In addition, the report notes, the Palestinian population of the occupied territories has systematically been denied access to water resources. The deliberate policy of economic pressure, such as the uprooting of trees, tax raids and administrative harassment, has continued. The administration of justice is characterized by a lack of due process of law and a frequent absence of basic legal safeguards for the Arab population. The practice of torture and ill-treatment during interrogation and after sentencing has continued.
The report also expressed concern about the deportation by Israel, in December 1992, of over 400 Palestinians, who spent the following year living in unsanitary and inhuman conditions between military lines in southern Lebanon, before being repatriated in December 1993. This action was strongly condemned by the Security Council, which reaffirmed the applicability of the Fourth Geneva Convention to the occupied Palestinian territory and demanded that Israel ensure the safe and immediate return of all those deported.
In February 1993, for the first time, the United Nations Commission on Human Rights decided to appoint a Special Rapporteur on human rights violations in the occupied Arab territories, including Palestine. In September 1993, Mr. René Felber, the former President of the Swiss Confederation, was appointed Special Rapporteur. He was invited to visit the occupied territories in January 1994 - the first person with an official mandate from the Commission on Human Rights allowed to do so - and was able to talk freely with the persons he had wished to see. In his January 1994 report, the Special Rapporteur called on both Israeli and Palestinian authorities, as a matter of priority, to "take measures to contain th[e] violence, which may pose the most serious threat to the peace process".
But violence exploded again: on 25 February 1994, the killing of some 30 Palestinian worshippers in the Mosque of Ibrahim in Hebron by an Israeli settler, following attacks against settlers by Palestinians, was universally condemned and caused great concern for the future of the peace process, renewing calls for some form of international protection for Palestinians.
Reacting to the massacre, the Security Council on 18 March 1994 called for measures to guarantee the safety and protection of Palestinian civilians throughout the occupied territories, including a temporary international or foreign presence. Strongly condemning the massacre, the Council called upon Israel to continue to take measures, including the confiscation of arms, to prevent acts of violence by Israeli settlers.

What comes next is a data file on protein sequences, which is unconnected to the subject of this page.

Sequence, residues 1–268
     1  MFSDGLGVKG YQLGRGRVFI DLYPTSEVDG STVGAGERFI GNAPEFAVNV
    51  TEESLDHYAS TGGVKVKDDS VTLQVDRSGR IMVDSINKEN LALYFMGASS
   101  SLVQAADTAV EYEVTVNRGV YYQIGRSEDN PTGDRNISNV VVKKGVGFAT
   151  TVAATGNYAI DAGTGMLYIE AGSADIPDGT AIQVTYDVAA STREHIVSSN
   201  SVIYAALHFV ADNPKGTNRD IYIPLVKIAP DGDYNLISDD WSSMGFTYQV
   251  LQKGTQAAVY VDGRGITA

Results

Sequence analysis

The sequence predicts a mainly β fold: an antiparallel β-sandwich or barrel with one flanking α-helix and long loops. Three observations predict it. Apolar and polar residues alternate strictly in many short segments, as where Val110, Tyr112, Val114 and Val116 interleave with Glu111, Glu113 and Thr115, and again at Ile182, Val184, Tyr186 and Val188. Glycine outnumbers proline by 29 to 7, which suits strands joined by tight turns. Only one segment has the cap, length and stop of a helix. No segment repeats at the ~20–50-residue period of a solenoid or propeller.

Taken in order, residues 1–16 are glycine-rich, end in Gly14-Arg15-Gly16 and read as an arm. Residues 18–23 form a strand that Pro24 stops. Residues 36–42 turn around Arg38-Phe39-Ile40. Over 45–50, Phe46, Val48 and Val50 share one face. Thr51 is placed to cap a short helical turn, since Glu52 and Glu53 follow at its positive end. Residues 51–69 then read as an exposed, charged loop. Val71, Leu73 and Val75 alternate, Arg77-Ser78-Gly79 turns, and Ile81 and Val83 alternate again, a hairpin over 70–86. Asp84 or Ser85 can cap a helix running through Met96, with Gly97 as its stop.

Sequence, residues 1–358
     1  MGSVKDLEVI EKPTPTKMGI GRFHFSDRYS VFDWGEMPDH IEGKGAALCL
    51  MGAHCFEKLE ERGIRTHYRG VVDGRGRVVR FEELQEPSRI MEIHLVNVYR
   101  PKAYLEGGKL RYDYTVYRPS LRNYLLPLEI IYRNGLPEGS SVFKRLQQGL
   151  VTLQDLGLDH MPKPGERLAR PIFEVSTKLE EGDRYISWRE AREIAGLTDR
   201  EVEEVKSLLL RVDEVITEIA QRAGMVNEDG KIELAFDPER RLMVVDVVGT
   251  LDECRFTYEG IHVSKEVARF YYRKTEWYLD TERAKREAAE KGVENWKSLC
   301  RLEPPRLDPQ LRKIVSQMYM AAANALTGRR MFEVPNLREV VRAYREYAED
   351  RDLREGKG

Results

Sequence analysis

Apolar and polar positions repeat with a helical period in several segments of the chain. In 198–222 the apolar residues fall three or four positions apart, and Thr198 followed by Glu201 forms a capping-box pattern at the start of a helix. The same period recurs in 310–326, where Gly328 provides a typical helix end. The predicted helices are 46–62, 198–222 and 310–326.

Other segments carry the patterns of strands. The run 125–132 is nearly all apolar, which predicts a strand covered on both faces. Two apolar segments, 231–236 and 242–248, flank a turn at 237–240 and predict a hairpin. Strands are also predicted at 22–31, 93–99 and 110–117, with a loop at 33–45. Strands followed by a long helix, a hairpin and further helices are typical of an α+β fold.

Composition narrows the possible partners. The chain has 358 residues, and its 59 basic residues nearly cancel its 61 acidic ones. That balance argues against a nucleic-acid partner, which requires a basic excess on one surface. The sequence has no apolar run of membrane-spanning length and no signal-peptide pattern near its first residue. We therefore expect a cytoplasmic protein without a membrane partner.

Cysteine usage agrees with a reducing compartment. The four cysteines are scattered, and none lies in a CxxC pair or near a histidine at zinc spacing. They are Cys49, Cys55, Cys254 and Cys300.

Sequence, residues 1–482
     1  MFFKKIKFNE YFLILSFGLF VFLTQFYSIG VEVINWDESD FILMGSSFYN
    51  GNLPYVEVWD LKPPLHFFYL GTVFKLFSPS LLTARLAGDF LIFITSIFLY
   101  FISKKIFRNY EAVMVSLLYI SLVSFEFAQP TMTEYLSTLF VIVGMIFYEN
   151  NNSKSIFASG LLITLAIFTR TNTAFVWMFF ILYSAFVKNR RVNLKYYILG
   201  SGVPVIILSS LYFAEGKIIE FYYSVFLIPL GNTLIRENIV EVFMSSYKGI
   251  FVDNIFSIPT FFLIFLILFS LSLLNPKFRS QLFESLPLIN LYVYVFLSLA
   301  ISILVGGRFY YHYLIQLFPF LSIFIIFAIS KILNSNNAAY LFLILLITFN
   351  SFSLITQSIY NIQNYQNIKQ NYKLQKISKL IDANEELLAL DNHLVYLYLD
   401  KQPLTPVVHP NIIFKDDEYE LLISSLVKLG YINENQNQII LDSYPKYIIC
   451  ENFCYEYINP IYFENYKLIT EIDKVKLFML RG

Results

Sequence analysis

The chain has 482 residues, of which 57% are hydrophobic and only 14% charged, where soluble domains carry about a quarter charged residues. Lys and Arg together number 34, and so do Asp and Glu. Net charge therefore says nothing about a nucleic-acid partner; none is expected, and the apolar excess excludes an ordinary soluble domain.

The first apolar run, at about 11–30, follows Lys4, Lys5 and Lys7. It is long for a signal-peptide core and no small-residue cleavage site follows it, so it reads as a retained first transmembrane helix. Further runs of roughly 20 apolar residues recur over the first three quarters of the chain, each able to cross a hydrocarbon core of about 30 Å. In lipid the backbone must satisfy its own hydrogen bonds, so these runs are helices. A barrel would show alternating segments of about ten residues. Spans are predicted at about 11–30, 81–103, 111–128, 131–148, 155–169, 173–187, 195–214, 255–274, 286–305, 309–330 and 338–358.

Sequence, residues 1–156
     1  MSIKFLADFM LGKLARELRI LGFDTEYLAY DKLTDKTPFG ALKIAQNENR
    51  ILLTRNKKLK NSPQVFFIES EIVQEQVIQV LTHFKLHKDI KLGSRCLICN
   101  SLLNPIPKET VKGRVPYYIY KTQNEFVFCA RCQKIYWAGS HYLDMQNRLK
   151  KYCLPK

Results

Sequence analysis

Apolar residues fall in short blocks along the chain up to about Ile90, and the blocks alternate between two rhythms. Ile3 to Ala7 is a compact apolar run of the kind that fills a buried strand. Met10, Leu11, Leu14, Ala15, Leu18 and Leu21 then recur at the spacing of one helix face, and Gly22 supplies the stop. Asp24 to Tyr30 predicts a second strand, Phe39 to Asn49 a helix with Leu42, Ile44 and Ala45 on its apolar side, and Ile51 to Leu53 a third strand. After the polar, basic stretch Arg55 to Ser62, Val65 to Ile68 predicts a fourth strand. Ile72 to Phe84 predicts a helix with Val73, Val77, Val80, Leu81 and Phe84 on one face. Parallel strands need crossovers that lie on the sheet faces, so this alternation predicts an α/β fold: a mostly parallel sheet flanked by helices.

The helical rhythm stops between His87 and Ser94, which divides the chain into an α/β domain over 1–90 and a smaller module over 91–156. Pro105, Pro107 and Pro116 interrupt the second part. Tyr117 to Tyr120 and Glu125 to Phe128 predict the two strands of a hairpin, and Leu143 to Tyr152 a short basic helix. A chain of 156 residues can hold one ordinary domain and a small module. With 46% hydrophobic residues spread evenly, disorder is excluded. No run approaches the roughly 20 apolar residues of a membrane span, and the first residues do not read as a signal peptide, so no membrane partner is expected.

UNITED NATIONS ASSISTANCE
It has long been held that the search for a comprehensive, just and lasting settlement in the Middle East should be accompanied by an effective role by the international community in promoting economic and social development in the occupied Palestinian territory.
While UNRWA has been delivering invaluable primary services to the Palestinian people for almost 45 years, many other United Nations organizations and bodies have contributed their expertise to improve the economic and social conditions of the Palestinian people. They have sent missions, carried out studies and provided assistance. In 1993, the United Nations provided services and implemented special projects in the West Bank and Gaza Strip amounting to nearly $250 million.
UNRWA, the United Nations Development Programme (UNDP) and the United Nations Children's Fund (UNICEF) have an operational presence in the occupied Palestinian territory, providing humanitarian relief and development assistance. Other organizations include the World Health Organization (WHO), the International Labour Organisation (ILO), the United Nations Environment Programme (UNEP), the United Nations Conference on Trade and Development (UNCTAD), and the United Nations Educational, Scientific and Cultural Organization (UNESCO).
Assistance to the Palestinian people became all the more important in the light of the Palestinian
, which began in December 1987. The Israeli authorities imposed harsh restrictive measures, which led to further disruption of economic and social life in the occupied territory.
Recent developments in the region had a similar devastating impact on Palestinian economic activity. The expulsion of Palestinian workers from the Persian Gulf Arab countries in the aftermath of the 1991 Gulf War resulted in a new, major inflow of Palestinian refugees into Jordan, and to a lesser extent into the West Bank and Gaza, and nearly eliminated the financial remittances sent by those workers which helped support so many families in the territory. Finally, the closure of the occupied territory instituted by Israel in March 1993 resulted in a 40 per cent rate of unemployment in the Palestinian workforce.